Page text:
As of October 2016, Airbnb had put all their pricing and calendar functions under the calendar section. We will briefly cover some of the options and give more time to others.
First off, this is where you set different prices for different dates. On the calendar, simply click on a box and then drag the handle that pops up to highlight the dates desired. Then to the right of the calendar, you can put in a new price for those dates.
This option is particularly helpful when you're starting out with that lower base price. For instance, you can set a standard base price of $150, but then highlight the first three weeks you're opening your place up and change the price to $120 to try to draw in people. (For more about why this early low price is important, check out the Price section.)
Once in the calendar section, at the top right, click on “price settings." Here you have many options:
This is what you determined earlier in the Pricing section.
We find the smart pricing tool sets prices lower than what we can get. We believe this is because Airbnb is using an algorithm based on surrounding listings. It only takes a few low-cost listings to bring that smart price down. If you like the hands-off convenience of this function, then be sure to set a minimum price on the Smart Pricing tool, so that you don't accidentally get booked for $24/night on a big holiday weekend.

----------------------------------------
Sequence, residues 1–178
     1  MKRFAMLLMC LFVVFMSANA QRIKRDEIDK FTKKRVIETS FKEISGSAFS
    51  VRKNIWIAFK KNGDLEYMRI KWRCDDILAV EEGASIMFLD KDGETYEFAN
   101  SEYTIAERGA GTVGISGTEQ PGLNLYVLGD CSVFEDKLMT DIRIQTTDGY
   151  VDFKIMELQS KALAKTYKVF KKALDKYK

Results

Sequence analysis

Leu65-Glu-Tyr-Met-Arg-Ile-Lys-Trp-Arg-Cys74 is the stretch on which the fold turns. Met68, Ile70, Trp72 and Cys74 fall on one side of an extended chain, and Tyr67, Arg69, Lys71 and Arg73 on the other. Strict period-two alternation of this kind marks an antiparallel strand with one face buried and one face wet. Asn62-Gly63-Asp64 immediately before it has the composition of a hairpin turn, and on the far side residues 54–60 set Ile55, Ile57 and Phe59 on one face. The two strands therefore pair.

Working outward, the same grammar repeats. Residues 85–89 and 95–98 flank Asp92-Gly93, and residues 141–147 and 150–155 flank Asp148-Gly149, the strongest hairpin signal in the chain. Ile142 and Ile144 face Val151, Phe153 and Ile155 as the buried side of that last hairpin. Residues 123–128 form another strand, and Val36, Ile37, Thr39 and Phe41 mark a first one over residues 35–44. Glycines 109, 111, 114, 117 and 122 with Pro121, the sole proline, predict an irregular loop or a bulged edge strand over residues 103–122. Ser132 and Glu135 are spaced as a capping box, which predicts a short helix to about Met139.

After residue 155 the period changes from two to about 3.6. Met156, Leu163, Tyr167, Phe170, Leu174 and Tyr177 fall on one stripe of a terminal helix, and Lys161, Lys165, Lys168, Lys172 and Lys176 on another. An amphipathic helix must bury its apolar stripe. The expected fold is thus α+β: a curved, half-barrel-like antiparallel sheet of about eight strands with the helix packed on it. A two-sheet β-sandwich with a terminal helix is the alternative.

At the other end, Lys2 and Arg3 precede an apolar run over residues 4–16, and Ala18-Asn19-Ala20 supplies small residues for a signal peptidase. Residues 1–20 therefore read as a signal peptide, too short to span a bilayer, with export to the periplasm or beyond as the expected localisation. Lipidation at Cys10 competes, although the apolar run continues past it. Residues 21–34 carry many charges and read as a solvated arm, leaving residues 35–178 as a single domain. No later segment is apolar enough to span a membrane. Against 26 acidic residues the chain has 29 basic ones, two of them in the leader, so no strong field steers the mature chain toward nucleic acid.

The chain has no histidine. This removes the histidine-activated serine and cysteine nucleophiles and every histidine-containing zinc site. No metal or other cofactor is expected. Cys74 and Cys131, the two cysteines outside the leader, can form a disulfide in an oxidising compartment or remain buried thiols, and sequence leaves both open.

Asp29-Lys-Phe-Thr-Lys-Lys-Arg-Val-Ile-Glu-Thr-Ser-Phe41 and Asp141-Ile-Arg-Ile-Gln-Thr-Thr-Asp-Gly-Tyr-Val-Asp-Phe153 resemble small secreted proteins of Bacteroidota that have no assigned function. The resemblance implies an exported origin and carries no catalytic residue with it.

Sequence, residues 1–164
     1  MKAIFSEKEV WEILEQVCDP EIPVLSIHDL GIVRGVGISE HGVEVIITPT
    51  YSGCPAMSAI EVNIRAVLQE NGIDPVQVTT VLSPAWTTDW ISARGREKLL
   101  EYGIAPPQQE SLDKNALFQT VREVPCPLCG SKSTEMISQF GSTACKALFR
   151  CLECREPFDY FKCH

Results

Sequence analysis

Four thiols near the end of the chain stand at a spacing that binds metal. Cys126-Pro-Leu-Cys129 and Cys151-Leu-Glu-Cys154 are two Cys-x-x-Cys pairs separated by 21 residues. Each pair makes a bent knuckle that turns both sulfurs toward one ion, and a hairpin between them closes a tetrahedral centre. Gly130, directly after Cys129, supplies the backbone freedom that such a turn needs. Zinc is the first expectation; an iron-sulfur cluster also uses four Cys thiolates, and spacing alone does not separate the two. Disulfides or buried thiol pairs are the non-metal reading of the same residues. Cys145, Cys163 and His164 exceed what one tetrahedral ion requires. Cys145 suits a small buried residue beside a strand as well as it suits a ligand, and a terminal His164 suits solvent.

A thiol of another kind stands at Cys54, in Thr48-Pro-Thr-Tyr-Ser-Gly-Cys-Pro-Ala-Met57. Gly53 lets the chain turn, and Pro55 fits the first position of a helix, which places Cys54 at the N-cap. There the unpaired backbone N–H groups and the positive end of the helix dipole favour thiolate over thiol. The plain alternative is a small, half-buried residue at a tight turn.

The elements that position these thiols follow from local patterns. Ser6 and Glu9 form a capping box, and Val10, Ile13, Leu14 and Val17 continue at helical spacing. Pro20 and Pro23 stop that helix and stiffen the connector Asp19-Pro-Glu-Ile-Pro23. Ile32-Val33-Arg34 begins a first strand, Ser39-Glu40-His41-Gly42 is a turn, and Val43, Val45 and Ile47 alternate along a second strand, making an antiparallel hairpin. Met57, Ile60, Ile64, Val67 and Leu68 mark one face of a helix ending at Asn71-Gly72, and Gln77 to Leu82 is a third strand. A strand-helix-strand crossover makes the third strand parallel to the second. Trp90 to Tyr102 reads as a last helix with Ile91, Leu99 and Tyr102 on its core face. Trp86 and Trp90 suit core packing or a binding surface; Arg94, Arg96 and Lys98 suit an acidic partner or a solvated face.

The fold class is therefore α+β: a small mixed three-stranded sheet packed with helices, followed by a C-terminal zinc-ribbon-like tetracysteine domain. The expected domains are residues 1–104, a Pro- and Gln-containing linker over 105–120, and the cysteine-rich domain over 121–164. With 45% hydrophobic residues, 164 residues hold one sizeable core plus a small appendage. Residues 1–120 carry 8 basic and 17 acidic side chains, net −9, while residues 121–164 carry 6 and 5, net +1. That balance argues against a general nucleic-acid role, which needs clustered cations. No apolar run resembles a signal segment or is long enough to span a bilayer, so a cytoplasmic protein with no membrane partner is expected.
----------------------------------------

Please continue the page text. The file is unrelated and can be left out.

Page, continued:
$25 to $50 is average in the Denver market for a 1-2 bedroom places. Larger houses might charge more knowing that families coming to stay there will be fine paying it.
Extra guest fee
You'll set how many guests are allowed and then you can set how much you charge for each additional guests per night over the limit.
I tend to give a 5% discount for week-long stay and 10% for a month-long stay, but we know many people give a bigger discount.
One of the biggest decisions you need to make when calendaring is your minimum and maximum stay. At the top right of your calendar page, you’ll see “Availability Settings.” The biggest factor here is how often you want to clean (or want to pay someone to clean). When we were operating a full-time Airbnb, we set the minimum at 3 days. You might only be comfortable with a week-long minimum. The shorter the minimum stay, the higher likelihood of getting booked.
I love the minimum-maximum stay option, because you can individualize it for certain date ranges. Why is this helpful? For two reasons:
One, if there is a big event for which you will charge higher prices and there are obvious date ranges guests would stay — say Wednesday-through-Sunday for the Great American Beer Festival — you can create a four-day minimum stay for those dates. That way, someone doesn’t book for only three days leaving a high-priced day dangling and unlikely to get booked.
Two, for the host trying to maximize their occupancy, the individualized minimum-stay feature allows you to better fill in gaps between longer stays. Say you have set a three-day minimum for most stays and you have two five-day stays sandwiched around a vacant two days. Because you have set up a three-day minimum, those two days could go to waste. But instead, you can set a two-day stay just for those dates to make sure they get filled.